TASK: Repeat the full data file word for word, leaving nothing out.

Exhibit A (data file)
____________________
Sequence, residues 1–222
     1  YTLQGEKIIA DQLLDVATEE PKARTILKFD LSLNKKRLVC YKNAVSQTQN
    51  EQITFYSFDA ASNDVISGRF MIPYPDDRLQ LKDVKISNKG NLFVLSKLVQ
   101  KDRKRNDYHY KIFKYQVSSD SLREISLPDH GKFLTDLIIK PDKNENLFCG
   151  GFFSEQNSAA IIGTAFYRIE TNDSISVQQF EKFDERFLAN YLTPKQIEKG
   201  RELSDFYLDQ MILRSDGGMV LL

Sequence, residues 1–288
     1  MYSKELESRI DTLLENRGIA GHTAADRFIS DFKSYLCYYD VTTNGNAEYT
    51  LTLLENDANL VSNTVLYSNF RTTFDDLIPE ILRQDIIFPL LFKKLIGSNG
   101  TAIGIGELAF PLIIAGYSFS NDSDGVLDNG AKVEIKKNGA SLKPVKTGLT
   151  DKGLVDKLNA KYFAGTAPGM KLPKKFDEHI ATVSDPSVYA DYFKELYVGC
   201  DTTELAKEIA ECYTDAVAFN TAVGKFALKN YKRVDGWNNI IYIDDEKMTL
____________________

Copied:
Sequence, residues 1–222
     1  YTLQGEKIIA DQLLDVATEE PKARTILKFD LSLNKKRLVC YKNAVSQTQN
    51  EQITFYSFDA ASNDVISGRF MIPYPDDRLQ LKDVKISNKG NLFVLSKLVQ
   101  KDRKRNDYHY KIFKYQVSSD SLREISLPDH GKFLTDLIIK PDKNENLFCG
   151  GFFSEQNSAA IIGTAFYRIE TNDSISVQQF EKFDERFLAN YLTPKQIEKG
   201  RELSDFYLDQ MILRSDGGMV LL

Sequence, residues 1–288
     1  MYSKELESRI DTLLENRGIA GHTAADRFIS DFKSYLCYYD VTTNGNAEYT
    51  LTLLENDANL VSNTVLYSNF RTTFDDLIPE ILRQDIIFPL LFKKLIGSNG
   101  TAIGIGELAF PLIIAGYSFS NDSDGVLDNG AKVEIKKNGA SLKPVKTGLT
   151  DKGLVDKLNA KYFAGTAPGM KLPKKFDEHI ATVSDPSVYA DYFKELYVGC
   201  DTTELAKEIA ECYTDAVAFN TAVGKFALKN YKRVDGWNNI IYIDDEKMTL